Wspólnotowy Serwis Informacyjny Badan i Rozwoju - CORDIS

Final Activity Report Summary - CTNFI (Charge transfer at nanofunctionalised interfaces)

This project dealt with the fabrication, characterisation and investigation of charge transfer processes of several classes of nano-systems which are widely used in fuel cells and sensors applications. We investigated different nanoscale systems grouped in three main objectives.

Objective 1: Fabrication of functional nanostructured films.(a) We developed a novel methodology for fabricating functional ultra-thin films of Nafion with incorporated redox mediators and we investigated the charge transfer processes of such systems. The knowledge of charge transfer processes inside such ultra-thin films is of paramount importance for practical applications in sensing and catalysis. These systems have been proved to be very useful in biosensing applications, in particular for the detection of amino acids (tripropylammine) and oxalate using electrochemical detection methods such as electrochemelectrochemiluninescence (ECL). We found interesting physico-chemical properties such as unusual low values of the diffusion coefficents and the presence of a kinetic barrier within these ultra-thin films. However, these films (in the order of 10-50 nm) showed remarkable stability over time.(b) We developed a novel procedure to incorporate both "naked" and positively charged palladium nanoparticles with Nafion LS films. Metal nanoparticles have interesting catalytic properties which are useful to develop cleaner energy resources using hydrogen. These systems were investigated for the catalysis of hydrogen oxidation and hydrogen evolution reactions using a novel scanning electrochemical microscopy (SECM) approach. The results obtained evidenced good catalytic properties towards hydrogen oxidation and the hydrogen evolution reaction.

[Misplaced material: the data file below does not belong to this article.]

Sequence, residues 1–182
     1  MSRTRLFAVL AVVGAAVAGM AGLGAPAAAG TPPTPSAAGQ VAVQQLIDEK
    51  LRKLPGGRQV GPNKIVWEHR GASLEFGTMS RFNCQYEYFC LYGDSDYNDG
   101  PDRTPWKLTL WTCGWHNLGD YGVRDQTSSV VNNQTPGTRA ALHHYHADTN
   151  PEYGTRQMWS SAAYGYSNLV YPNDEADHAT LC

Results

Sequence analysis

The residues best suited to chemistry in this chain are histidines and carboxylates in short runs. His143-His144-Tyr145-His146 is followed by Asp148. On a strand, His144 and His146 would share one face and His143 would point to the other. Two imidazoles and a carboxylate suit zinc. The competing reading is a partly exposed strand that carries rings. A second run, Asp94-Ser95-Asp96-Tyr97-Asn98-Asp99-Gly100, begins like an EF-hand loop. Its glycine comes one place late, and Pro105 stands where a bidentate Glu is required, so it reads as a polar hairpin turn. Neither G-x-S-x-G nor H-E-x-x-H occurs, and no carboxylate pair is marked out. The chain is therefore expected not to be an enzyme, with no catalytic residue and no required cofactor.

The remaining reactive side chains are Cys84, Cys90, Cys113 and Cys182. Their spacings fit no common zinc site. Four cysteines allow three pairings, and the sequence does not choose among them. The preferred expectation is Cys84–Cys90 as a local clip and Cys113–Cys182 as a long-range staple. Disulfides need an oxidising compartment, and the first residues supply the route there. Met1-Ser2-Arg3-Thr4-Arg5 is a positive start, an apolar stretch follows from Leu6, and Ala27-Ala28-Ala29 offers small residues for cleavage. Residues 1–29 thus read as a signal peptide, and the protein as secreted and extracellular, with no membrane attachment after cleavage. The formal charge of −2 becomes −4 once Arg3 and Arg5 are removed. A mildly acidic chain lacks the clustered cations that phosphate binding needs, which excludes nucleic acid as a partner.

Objective 2: Electrochemical properties of self-assembled monolayers (SAMs) of metallo-complexes. (a) Monolayers of RuBpySH have been formed on micro and macro platinum electrodes by spontaneous adsorption from solutions. The monolayers can be reversibly switched between the Ru2+ and the Ru3+ forms. Dry monolayers displayed luminescence properties similar to those of powder samples of the complex, indicating that the monolayer has characteristics of the solid-state sample rather than the solution sample of the complex. Significantly, efficient electrochemiluminescence has been generated using tripropylamine as the coreactant. This provides a platform for the possible future use of these materials as molecular wires.

Objective 3: Electrochemistry at single-walled carbon nanotubes electrodes. We investigated, for the first time, the electrochemistry of a SWNT network using cyclic voltammetry. The results obtained showed (world first) the possibility to detect unprecedented trace (nanomolar) levels of a redox mediator using cyclic voltammetry. To investigate the possibility to use such system in biosensing applications, SWNT networks were used to detect an important neurotransmitter (dopamine). The results demonstrated the potentiality of the SWNTs to achieve high sensitivity. These results provide a basis for further effort using polymeric functionalisation and pulsed voltammetric techniques in order to enhance the detection limits of SWNTs network and to achieve high selectivity.

Reported by

United Kingdom
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